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Tell Laura We Love Her: Ira Sachs' "Forty Shades of Blue"

Indiewire By Indiewire | Indiewire September 26, 2005 at 9:1AM

It feels like precious little happens in “Forty Shades of Blue” -- surprising for a film so fraught with disintegrating relationships and more than its fair share of infidelity. This isn’t meant to be an indictment, but praise: Ira Sachs’ ostensibly sensational narrative is muted through a quietly observational aesthetic, such that emotional states resonate more palpably than any single event. There is no American correlate for “Forty Shades of Blue,” the most apt comparison for its even temper and tumble of unvarnished emotion lies across the ocean with French director Maurice Pialat. Like Pialat, Sachs has gracefully captured the graceless vicissitudes of real life. And what lingers longest? The profound and desperate isolation of Dina Korzun’s Laura, a Russian émigré living in Memphis.
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It feels like precious little happens in “Forty Shades of Blue” -- surprising for a film so fraught with disintegrating relationships and more than its fair share of infidelity. This isn’t meant to be an indictment, but praise: Ira Sachs’ ostensibly sensational narrative is muted through a quietly observational aesthetic, such that emotional states resonate more palpably than any single event. There is no American correlate for “Forty Shades of Blue,” the most apt comparison for its even temper and tumble of unvarnished emotion lies across the ocean with French director Maurice Pialat. Like Pialat, Sachs has gracefully captured the graceless vicissitudes of real life. And what lingers longest? The profound and desperate isolation of Dina Korzun’s Laura, a Russian émigré living in Memphis.


Lithe, blonde, and leggy, Laura is, at least outwardly, the quintessence of a musician’s arm jewelry. She lives with Alan James (Rip Torn), an aging blues producer who is revered despite his prickly nature and frequent tantrums. Alan has fathered Laura’s three-year-old child, but their relationship is loveless. He’s guilty on numerous infidelity counts—most notably, Alan beds a groupie-cum-aspiring singer at a hotel while Laura ambles the lobby downstairs—and she spends most of her time wandering listlessly through their sprawling ranch home, drinking white wine to obliterate the perpetual isolation that dulls her eyes and furrows her brow.


Enter Michael (Darren Burrows), Alan’s son who’s visiting Memphis for the first time in years, to see his estranged father and find refuge from his broken marriage. Their first encounter isn’t terribly auspicious: Michael secretly observes Laura as she fends off the advances of a male suitor who brought her home. In his eyes, she’s a slut with profiteering designs; from her perspective, however, left in the vacuum created by Alan’s absence, their interactions slowly change from disdain to indifference to affection, and eventually to sex, which threatens the sanctity of this bizarre love triangle. Yet coupling doesn’t come as the palliative either had hoped it would be. For one sweaty minute, Michael and Laura are lost in the moment, intent, even desperate on achieving release. After they unclench, his frame is once again taut with the weight of his anxieties; her eyes return to their glassy, deadened sorrow.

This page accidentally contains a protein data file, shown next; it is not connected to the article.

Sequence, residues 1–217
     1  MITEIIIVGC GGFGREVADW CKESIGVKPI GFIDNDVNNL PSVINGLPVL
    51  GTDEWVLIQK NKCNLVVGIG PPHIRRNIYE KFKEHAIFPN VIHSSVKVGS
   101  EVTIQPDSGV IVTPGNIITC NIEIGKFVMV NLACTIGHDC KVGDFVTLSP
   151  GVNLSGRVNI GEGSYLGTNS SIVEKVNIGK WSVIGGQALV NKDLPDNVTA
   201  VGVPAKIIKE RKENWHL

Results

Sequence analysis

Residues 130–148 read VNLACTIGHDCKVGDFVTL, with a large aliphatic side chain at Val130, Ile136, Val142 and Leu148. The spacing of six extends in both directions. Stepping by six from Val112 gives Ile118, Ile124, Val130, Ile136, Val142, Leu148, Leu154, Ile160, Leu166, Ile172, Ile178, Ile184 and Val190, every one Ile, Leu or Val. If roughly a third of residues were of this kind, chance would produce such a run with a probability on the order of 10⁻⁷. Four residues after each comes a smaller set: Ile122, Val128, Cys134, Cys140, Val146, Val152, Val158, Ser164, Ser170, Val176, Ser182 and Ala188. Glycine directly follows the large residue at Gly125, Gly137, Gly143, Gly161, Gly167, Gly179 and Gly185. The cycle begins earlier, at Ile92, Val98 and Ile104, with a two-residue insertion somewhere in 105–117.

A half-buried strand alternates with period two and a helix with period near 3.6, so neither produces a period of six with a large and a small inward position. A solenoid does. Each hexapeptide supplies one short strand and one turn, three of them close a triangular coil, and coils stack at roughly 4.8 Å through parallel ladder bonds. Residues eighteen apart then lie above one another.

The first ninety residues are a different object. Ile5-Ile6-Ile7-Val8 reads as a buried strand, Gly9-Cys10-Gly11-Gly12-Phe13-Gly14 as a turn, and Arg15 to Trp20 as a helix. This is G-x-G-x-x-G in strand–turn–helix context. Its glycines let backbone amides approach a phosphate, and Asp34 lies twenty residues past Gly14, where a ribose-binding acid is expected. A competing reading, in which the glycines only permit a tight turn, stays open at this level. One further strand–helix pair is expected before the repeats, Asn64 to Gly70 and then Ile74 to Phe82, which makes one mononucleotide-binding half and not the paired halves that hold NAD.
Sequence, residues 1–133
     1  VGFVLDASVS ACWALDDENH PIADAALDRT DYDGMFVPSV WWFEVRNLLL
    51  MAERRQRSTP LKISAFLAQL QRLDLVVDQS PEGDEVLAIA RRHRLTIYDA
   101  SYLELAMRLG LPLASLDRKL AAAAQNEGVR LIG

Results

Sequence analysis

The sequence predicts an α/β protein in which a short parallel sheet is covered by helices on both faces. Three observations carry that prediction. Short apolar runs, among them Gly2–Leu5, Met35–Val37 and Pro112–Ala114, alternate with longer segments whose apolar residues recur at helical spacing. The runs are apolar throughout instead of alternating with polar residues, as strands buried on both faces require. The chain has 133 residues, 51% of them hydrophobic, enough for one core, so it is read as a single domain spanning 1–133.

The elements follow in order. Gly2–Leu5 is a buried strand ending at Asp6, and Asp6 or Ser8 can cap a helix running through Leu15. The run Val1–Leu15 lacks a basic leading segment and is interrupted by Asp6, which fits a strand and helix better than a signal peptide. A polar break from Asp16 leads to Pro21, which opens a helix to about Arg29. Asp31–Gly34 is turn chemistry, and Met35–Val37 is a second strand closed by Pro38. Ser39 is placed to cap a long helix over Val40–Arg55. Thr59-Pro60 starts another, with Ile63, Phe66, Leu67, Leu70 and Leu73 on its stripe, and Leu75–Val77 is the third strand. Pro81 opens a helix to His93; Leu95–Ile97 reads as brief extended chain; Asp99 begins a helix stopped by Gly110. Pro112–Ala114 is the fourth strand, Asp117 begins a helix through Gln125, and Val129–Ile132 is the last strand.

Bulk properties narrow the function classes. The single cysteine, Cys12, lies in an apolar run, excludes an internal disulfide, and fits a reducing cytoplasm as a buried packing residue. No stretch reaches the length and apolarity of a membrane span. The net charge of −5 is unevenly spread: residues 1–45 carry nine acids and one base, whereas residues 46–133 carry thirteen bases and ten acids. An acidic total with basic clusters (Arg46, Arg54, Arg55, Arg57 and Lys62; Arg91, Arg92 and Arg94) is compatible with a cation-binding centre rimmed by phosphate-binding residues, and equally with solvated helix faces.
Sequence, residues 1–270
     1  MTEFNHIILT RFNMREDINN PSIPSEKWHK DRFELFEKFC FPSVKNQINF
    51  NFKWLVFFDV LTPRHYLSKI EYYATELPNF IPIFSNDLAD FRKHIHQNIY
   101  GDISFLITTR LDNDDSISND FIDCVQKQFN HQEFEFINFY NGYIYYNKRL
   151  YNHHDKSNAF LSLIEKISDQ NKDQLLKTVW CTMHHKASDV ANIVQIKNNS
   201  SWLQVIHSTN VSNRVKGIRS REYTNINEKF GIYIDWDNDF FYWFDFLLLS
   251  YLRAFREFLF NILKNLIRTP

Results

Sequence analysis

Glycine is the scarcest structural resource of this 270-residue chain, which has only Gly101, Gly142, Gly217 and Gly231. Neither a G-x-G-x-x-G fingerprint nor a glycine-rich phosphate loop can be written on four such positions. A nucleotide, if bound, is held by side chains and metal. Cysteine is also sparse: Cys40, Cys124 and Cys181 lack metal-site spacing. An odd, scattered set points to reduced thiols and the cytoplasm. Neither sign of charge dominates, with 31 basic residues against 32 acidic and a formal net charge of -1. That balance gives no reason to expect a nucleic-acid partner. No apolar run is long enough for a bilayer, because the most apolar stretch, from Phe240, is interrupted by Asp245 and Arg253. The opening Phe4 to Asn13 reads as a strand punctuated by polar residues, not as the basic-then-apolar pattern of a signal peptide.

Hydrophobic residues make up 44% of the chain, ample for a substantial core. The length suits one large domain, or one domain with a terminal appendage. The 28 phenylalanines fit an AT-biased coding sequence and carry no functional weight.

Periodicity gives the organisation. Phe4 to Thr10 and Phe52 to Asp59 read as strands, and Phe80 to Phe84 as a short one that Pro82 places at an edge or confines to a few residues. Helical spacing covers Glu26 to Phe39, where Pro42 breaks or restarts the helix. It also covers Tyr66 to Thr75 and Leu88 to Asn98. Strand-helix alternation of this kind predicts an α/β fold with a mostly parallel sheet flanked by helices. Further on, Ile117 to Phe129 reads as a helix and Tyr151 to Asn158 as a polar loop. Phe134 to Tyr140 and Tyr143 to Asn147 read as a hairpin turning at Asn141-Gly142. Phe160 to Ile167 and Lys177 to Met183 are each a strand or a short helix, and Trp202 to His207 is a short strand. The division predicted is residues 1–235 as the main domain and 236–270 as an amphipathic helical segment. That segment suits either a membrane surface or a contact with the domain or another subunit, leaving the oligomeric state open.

The remainder is essentially a tangle of sundry thematics and events -- generational antipathies, cultural disconnect, and moral quandaries are secondary compared with the bleak despondency carried by Dina Korzun’s remarkable performance. Just as “Forty Shades” feels not so much filmed as observed and its events are not so much directed as allowed to transpire, Korzun’s Laura is organically felt, her character less acted than just plain inhabited. She of course benefits from her director’s aesthetic—Sachs heightens Laura’s sense of isolation by placing her as a lone pillar amongst a swirling crowd, or at the periphery of a focused audience -- but conveys the most profoundly crushing sentiments when left all alone. Her willowy frame, normally composed and graceful in public, seems to wilt under the oppressive quiet of her empty home; it’s clear that the public appearances with Alan are performative, and that home is the only place where she’s allowed to truly be herself. Not a novel concept to be sure, but borne on Korzun’s considerable chops, never have I seen the dichotomy rendered in so devastating a fashion—watch the extraordinary subtle fluctuations as sadness bubbles perpetually under her surface calm, receding and returning again, without ever abating or blowing up into full emotional breakdown. If there’s a problem with Korzun’s performance, it’s that Torn (a distant and callous cipher) and Burrows (a charisma-less one) can’t hope to match her enthralling depth. She obliterates their presences from the screen.